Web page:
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The more stereotypical our perception of the Spanish culture, the less efective our interactions with Spaniards. For example, if we believe that all (100%) Spaniards support bullfghting, while in fact only few (10%) do, our stereotyping is very signifcant (90% individual cases left out). If we believe that most (80%) Spaniards like bullfghting, while in fact only some (20%) do, our stereotyping is still quite signifcant (60%) (Figure 9.5).And so on. Stereotyping can be seen as a diference between overgeneralization and generalization, e.g., 100% - 20% = 80% stereotype. Naturally, the smaller this diference, the more reliable our conceptualization and the more successful our intercultural communication, and vice versa. For instance, if we spend more time in Spain, we may meet more and more individuals there who refuse to talk about bullfghting. Our conceptualization then may take the following form: ‘Most Spaniards don’t support bullfghting.’ As a result, our conceptualization moves further away from such overgeneralizations (stereotypes) as ‘All Spaniards support bullfghting’ or ‘Most Spaniards support bullfghting.’ Our conceptualization will then function more in the form of generalization (typifying), leaving less room for overgeneralization (stereotyping). Ideally, of course, everyone should be approached as an individual. As was noted in Chapter 1, ideally, we should approach everyone as an individual and call them only by their individual names; however, that is not realistic as it would require for every person to get to know everyone single person in every situation of interaction. Similarly, since we cannot know where every person from every culture stands on every issue, we cannot not stereotype. Karl Popper gave the example of Europeans who for thousands of years had only ever seen millions of white swans (see Popper, 1959). Naturally, their conceptualization was as follows:‘swans are white.’ However, exploration of

20% 80%

Figure 9.5 Example of relationship between generalization and stereotyping Source:Author

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Australasia introduced Europeans to black swans. As discussed in Chapter 2, we can never be certain that we possess all the knowledge, in this case—the one and only generalization. Only one black swan was needed to change the conceptualization that all swans are white (Figure 9.6).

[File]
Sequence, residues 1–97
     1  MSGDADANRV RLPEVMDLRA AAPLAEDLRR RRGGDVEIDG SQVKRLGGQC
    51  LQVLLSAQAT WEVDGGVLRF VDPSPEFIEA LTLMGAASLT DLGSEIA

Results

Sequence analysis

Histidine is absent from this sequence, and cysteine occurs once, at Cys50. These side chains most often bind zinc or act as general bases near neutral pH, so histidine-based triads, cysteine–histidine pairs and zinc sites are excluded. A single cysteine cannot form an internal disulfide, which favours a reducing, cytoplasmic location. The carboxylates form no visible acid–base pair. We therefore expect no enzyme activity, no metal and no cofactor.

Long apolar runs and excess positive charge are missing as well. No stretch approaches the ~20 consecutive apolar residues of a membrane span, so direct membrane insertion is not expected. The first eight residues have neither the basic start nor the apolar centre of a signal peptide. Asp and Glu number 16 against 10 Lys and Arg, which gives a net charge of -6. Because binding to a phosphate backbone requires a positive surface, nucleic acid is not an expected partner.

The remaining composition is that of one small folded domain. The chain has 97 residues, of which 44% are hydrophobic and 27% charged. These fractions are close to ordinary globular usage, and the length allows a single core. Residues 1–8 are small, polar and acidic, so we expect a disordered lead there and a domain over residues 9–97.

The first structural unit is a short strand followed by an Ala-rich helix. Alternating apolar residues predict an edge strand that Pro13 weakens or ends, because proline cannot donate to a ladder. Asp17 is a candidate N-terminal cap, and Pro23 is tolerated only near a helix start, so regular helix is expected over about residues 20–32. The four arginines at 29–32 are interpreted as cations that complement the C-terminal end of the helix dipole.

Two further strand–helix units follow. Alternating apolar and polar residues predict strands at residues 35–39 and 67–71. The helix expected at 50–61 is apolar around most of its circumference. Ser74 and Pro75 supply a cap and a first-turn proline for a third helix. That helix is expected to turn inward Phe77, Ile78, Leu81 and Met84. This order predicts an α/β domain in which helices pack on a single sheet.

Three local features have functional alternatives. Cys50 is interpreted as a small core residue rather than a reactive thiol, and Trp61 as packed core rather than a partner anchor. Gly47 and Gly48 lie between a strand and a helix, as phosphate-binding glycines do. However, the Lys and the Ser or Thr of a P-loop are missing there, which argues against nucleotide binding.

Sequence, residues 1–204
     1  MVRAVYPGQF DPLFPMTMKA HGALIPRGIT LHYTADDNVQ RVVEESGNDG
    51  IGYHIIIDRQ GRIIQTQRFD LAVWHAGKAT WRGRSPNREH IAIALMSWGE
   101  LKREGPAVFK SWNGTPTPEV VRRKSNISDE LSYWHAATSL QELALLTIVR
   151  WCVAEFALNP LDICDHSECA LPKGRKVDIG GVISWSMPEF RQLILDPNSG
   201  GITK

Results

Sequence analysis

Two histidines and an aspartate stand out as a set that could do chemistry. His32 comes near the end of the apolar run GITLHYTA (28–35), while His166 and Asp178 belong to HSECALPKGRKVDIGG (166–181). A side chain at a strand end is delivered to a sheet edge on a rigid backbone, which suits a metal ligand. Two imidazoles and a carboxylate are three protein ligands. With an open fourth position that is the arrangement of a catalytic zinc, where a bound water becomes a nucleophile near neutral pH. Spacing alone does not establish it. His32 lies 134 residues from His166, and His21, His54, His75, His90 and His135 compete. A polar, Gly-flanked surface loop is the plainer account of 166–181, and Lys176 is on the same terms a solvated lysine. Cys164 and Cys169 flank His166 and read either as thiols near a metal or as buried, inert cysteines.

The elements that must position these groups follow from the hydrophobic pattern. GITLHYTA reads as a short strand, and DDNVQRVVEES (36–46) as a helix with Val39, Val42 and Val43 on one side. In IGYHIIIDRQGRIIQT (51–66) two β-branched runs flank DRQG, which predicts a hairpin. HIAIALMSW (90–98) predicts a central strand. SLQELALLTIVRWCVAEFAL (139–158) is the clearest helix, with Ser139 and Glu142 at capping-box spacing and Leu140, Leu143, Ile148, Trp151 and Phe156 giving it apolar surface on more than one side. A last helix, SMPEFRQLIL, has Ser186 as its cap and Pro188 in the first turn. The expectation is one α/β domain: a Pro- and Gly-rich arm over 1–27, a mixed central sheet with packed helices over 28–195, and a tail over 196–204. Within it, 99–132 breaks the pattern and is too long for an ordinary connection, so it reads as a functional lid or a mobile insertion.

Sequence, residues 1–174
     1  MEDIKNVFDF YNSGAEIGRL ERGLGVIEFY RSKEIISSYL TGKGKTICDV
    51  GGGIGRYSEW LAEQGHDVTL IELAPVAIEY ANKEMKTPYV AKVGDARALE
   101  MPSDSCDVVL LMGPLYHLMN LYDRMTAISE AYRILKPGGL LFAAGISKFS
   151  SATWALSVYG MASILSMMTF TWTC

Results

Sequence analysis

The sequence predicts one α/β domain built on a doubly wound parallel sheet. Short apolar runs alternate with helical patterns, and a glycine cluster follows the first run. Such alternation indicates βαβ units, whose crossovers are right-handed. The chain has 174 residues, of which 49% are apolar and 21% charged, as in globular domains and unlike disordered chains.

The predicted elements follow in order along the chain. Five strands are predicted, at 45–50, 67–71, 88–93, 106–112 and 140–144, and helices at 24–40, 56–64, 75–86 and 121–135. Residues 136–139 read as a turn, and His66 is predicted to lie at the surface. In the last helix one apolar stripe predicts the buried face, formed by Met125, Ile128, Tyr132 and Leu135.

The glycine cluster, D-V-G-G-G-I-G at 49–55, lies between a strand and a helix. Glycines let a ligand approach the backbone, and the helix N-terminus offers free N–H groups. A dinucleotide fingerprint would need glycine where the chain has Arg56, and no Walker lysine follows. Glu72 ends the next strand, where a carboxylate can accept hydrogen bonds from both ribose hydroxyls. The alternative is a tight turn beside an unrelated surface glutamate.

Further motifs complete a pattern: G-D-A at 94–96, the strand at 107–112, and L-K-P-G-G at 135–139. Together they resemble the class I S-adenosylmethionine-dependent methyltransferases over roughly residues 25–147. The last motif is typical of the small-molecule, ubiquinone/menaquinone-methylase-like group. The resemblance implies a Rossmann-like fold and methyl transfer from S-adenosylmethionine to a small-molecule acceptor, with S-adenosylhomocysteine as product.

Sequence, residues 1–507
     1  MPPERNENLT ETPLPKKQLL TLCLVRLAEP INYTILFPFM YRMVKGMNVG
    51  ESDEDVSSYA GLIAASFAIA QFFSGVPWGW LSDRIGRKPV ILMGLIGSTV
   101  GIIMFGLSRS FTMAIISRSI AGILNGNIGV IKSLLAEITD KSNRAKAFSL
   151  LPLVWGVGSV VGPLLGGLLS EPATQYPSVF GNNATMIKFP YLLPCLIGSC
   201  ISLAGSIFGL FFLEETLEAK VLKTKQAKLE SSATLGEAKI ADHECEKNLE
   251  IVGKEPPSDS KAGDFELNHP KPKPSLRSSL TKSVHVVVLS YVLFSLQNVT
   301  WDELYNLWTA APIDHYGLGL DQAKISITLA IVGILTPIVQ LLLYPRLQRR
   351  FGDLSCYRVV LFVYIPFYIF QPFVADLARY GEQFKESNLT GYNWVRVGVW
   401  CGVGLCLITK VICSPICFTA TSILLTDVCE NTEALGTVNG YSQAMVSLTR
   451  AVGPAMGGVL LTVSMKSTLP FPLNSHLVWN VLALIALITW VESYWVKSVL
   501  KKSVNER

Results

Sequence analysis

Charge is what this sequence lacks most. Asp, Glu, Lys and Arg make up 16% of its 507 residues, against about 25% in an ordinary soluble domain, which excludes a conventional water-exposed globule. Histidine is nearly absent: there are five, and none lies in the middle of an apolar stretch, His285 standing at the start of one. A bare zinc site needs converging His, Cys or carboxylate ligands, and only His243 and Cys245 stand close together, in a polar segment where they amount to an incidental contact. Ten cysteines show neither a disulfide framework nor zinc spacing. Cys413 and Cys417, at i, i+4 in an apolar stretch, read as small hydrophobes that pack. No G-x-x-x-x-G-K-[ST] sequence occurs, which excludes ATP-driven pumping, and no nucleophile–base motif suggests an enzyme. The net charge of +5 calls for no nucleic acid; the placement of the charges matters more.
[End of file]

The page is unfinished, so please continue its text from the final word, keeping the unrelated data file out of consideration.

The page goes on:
Figure 9.6 Open-ended nature of conceptualization Source:Wikimedia Creative Commons

The best we can do is to make sure our generalizations are as accurate as possible, avoiding overgeneralizations—especially those beginning with ‘All.’ We must be sure to speak of white swans when the swans we observe are really white. If we begin to see more and more black swans, but still claim to know that all swans are white, our cultural gaze becomes more stereotypical and our interaction less reliable. In a manner of speaking, the more ground covered by the dark forces of stereotyping, the less ground left for generalization; and, conversely, the more ground covered by the light forces of generalization, the less ground left for stereotyping. It is as if a struggle between the light and the dark forces takes place, and the more we assume that all swans are white, while in fact we know more and more swans are black, the more the forces of darkness win.The dark forces of stereotyping, like swans, spread out their wings, as it were, chasing out the light forces of generalization (Figure 9.7). Intercultural communication, therefore, is successful when our refections of other cultures are accurate and function as generalization (typifying). However, we should be ready to make changes in our conceptualization when new experiences do not ft into our original general types. Our intercultural experiences are more complex than any generalization, let alone overgeneralization.

210 Synergy Principle Individualizian (individual swans) Stereotyping

“Dark”

Stereotyping

“Light”

“Dark”

Generalization (“Swan culture” in general)

Figure 9.7 Relationship between individualization and generalization Source: Author

So, if, for example, you plan to travel to Italy and someone tells you Italians are fond of opera, do your homework and try to fnd out as much as you can about this conceptualization. Also, be ready to change your conceptualization, if necessary, as you interact with more and more Italians.You may fnd out, for instance, that that the nation’s opera-house ticket sales have been dropping for years (Mesco, 2014) and that, in 2018, 88.3% of Italians did not see any opera or classical music concert (Jadda, 2019).Then, bringing up opera as a conversation opener may not be a very good idea. Remember: not all swans are white. 2.2

Prejudice:The United States and ‘the Rest-of-the-World Soccer Cup’

The term ‘prejudice’ is derived from Latin ‘praejudicium,’ where ‘prae’ means ‘before’ and ‘judicium’ means ‘judgment.’ Hence, prejudice is a judgment made beforehand or without examination of the facts, i.e., a quite emotional and not very rational judgment. Prejudice is a prejudgment (premature judgment), based on little or no interaction with people from another culture. Prejudice can be positive or negative, but it usually carries a negative bias toward people from another culture. Ultimately, prejudice is developed when people feel insecure about their own identity. It seems that others claim the resources that make up your cultural identity, undermining your culture’s vitality.While “prejudice, at its